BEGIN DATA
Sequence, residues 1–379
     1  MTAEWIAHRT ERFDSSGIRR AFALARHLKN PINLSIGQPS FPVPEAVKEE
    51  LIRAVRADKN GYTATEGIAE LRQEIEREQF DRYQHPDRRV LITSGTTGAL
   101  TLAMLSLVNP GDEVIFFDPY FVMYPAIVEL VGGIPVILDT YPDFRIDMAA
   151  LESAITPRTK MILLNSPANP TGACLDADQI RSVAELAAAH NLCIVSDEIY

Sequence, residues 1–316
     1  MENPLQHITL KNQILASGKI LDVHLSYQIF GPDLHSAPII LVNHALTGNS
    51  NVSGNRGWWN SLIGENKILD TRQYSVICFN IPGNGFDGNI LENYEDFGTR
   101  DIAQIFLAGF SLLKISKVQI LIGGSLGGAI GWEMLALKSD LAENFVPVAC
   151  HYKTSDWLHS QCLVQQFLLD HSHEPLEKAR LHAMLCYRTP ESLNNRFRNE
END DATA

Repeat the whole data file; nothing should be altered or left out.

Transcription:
Sequence, residues 1–379
     1  MTAEWIAHRT ERFDSSGIRR AFALARHLKN PINLSIGQPS FPVPEAVKEE
    51  LIRAVRADKN GYTATEGIAE LRQEIEREQF DRYQHPDRRV LITSGTTGAL
   101  TLAMLSLVNP GDEVIFFDPY FVMYPAIVEL VGGIPVILDT YPDFRIDMAA
   151  LESAITPRTK MILLNSPANP TGACLDADQI RSVAELAAAH NLCIVSDEIY

Sequence, residues 1–316
     1  MENPLQHITL KNQILASGKI LDVHLSYQIF GPDLHSAPII LVNHALTGNS
    51  NVSGNRGWWN SLIGENKILD TRQYSVICFN IPGNGFDGNI LENYEDFGTR
   101  DIAQIFLAGF SLLKISKVQI LIGGSLGGAI GWEMLALKSD LAENFVPVAC
   151  HYKTSDWLHS QCLVQQFLLD HSHEPLEKAR LHAMLCYRTP ESLNNRFRNE